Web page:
More than once, Zeke and Charlie had almost come to blows over the dogs. Bryn thought Sparky could take Boss without much effort, but Zeke was able-bodied and twice the size of Charlie. It would not be a pretty picture if the two men ever actually duked it out.
Charlie’s eyes narrowed. “So help me, if that SOB let that mutt loose again . . .”
“Charlie . . .” She shook her head and feigned a stern look. “You’d better not let Susan hear you use that kind of language.”
“What? Mutt’s not a bad word.”
“You know what I mean.” His smirk made it hard not to laugh. Bryn was mostly teasing, but Susan did have a zero-tolerance policy when it came to cursing.
“I didn’t actually say anything.”
“Yeah, but you know Susan . . . even initials are pushing it with her.”
He rolled his eyes and fanned out his cards.
“I don’t think Zeke’s even here tonight.” She held up a hand, listening for the sound again. “Besides, it doesn’t sound like dogs. Maybe it’s just a siren, but it sounds different . . . more like a squeal. You don’t have a battery going out in your hearing aid, do you?”
Charlie laid down his cards, put his thick pinky finger to his ear, and twisted. “That better?”
She shook her head. “I still hear it.”
“This old building has so many creaks and groans I’m surprised anybody can sleep here. That’s the only good thing about these blame things”—he adjusted the other hearing aid—“I can just turn ’em off.”
The noise didn’t sound quite like distant sirens, but nevertheless, she shot up a quick prayer for her husband the way she always did when she knew he might be out on a run. Guilt pinched her. Adam wasn’t even supposed to be on duty tonight. He was only there because she’d talked him into pulling an extra shift. Ironic, given all the grief she’d thrown at him about the long hours he worked.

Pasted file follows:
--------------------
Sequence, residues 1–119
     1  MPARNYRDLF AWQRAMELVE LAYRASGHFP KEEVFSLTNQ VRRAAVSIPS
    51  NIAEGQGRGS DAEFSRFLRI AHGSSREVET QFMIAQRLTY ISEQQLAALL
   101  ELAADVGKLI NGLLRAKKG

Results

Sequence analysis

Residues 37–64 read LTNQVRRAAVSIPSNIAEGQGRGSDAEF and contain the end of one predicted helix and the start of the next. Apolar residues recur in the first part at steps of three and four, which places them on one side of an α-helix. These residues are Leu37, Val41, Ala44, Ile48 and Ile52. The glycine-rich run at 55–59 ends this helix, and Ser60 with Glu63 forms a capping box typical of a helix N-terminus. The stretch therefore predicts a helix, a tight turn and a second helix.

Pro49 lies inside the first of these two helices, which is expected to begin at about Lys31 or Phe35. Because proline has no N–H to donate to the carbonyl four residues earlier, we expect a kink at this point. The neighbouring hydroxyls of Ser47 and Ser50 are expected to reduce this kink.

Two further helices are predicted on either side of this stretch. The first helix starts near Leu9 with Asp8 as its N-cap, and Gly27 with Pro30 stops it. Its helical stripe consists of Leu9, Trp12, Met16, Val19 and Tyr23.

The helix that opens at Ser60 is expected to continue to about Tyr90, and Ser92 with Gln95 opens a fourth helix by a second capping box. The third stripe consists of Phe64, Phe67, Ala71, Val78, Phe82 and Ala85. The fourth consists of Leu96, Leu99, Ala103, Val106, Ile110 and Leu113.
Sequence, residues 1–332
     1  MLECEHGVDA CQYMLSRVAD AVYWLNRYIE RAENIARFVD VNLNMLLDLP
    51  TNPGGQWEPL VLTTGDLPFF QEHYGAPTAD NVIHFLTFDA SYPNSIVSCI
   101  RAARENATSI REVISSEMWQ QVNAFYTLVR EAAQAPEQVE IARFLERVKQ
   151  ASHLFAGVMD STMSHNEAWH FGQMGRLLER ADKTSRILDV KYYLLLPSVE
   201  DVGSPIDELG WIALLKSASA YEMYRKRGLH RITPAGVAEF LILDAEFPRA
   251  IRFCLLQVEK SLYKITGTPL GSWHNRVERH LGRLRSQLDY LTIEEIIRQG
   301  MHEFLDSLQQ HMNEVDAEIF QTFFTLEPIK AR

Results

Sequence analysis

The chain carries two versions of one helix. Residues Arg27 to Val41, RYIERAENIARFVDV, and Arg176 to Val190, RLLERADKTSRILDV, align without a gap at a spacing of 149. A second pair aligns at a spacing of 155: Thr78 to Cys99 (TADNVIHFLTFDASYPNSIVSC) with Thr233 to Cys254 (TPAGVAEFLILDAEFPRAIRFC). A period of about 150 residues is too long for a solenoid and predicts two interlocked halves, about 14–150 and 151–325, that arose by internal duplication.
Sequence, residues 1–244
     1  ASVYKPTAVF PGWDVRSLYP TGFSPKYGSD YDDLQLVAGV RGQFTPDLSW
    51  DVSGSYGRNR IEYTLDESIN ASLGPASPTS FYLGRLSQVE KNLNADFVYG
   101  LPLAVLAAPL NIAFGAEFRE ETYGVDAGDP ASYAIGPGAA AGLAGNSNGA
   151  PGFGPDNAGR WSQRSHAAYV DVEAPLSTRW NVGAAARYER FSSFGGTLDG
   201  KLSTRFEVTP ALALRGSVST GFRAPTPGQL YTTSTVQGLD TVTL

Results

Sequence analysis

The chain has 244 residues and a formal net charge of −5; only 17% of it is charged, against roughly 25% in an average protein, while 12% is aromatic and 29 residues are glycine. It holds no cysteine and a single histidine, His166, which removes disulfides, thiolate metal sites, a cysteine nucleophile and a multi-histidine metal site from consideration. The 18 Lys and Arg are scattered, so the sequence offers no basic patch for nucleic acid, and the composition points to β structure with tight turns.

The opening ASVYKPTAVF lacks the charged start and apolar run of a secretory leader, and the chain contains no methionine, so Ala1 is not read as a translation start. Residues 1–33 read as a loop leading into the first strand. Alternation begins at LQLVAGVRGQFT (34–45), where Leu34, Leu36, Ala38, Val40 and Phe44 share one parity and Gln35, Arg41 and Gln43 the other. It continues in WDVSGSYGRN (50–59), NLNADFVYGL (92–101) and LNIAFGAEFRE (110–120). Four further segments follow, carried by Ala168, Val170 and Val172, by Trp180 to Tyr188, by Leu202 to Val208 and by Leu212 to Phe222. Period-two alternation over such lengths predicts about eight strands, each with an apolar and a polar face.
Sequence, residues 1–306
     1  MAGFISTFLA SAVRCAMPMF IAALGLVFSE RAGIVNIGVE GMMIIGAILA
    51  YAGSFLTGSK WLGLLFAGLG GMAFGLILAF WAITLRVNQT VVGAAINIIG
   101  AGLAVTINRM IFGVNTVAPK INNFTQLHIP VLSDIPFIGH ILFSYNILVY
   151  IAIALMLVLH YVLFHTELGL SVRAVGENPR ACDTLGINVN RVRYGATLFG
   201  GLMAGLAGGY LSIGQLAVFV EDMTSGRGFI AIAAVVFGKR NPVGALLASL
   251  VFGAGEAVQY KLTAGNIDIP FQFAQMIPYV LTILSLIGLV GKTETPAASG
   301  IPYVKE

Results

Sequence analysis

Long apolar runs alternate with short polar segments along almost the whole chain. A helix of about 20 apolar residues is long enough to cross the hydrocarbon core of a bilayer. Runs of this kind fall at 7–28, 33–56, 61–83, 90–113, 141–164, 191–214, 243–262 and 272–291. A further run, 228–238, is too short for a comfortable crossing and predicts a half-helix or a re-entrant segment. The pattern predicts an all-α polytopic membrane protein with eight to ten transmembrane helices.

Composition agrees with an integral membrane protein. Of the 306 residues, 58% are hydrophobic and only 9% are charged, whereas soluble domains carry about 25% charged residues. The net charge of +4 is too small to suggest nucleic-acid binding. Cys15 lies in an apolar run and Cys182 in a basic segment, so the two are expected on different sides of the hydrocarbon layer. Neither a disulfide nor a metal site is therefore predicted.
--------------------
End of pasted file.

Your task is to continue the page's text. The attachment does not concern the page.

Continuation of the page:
With Adam being low man on the totem pole, he always had to work holidays, and too many weekends. Sometimes Bryn wondered why they’d even bothered to get married if they were never going to be together. She thought she would go crazy if she had to spend one more long night alone in their little cracker box of a townhome. That was the whole reason she’d started volunteering here, taken the night shift. And how much worse would it be when they had kids?
The faint noise droned on. She looked at the stained ceiling. “It almost sounds like it’s coming from upstairs.”
Charlie shook his head and a glint of mischief came to his eyes. “Listen, girlie, if you’re just trying to weasel your way out of this game, you can forget it.” He drew another card and wriggled bushy eyebrows at her. “I’m about to clean your clock.”
They took turns drawing and discarding cards in silence, but Bryn kept one ear tuned to the sound. Charlie was right: the noises in this old building had scared her to death the first time she’d worked the late shift. It was probably just the pipes creaking again, but it sounded different somehow tonight.